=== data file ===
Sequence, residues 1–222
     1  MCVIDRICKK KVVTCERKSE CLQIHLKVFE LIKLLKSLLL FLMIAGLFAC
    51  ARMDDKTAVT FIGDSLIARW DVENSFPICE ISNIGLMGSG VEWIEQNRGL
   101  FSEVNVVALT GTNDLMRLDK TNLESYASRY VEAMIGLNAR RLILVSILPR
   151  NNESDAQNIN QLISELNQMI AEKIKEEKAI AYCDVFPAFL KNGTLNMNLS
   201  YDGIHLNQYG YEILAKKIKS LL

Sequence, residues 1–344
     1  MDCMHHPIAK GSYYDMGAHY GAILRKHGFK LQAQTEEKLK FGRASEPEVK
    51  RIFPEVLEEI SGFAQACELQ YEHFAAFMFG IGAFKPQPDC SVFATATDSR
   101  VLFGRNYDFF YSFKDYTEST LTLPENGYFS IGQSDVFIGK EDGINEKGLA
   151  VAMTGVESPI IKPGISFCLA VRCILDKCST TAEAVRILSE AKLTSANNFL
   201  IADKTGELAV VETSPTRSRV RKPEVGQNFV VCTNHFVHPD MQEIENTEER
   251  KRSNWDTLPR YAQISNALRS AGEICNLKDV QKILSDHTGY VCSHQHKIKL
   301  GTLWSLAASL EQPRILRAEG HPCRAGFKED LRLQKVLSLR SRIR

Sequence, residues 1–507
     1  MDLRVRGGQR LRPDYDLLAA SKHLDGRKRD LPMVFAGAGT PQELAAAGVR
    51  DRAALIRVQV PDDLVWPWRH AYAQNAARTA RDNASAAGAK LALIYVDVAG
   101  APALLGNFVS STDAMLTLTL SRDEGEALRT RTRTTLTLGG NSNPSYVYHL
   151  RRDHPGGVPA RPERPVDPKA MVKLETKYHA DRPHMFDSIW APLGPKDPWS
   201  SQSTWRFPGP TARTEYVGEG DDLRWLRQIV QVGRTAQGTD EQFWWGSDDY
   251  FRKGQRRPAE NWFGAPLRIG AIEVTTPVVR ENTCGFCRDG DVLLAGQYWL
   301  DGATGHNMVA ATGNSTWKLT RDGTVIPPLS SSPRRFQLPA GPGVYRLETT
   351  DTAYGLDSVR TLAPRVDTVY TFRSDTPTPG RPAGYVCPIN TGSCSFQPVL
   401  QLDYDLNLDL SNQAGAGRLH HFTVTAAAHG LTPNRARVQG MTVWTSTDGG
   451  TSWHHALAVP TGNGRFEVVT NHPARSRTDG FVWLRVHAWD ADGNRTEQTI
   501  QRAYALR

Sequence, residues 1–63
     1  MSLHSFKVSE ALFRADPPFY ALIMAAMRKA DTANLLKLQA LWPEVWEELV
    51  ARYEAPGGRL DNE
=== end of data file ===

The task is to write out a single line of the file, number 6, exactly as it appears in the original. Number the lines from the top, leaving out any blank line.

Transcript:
   201  YDGIHLNQYG YEILAKKIKS LL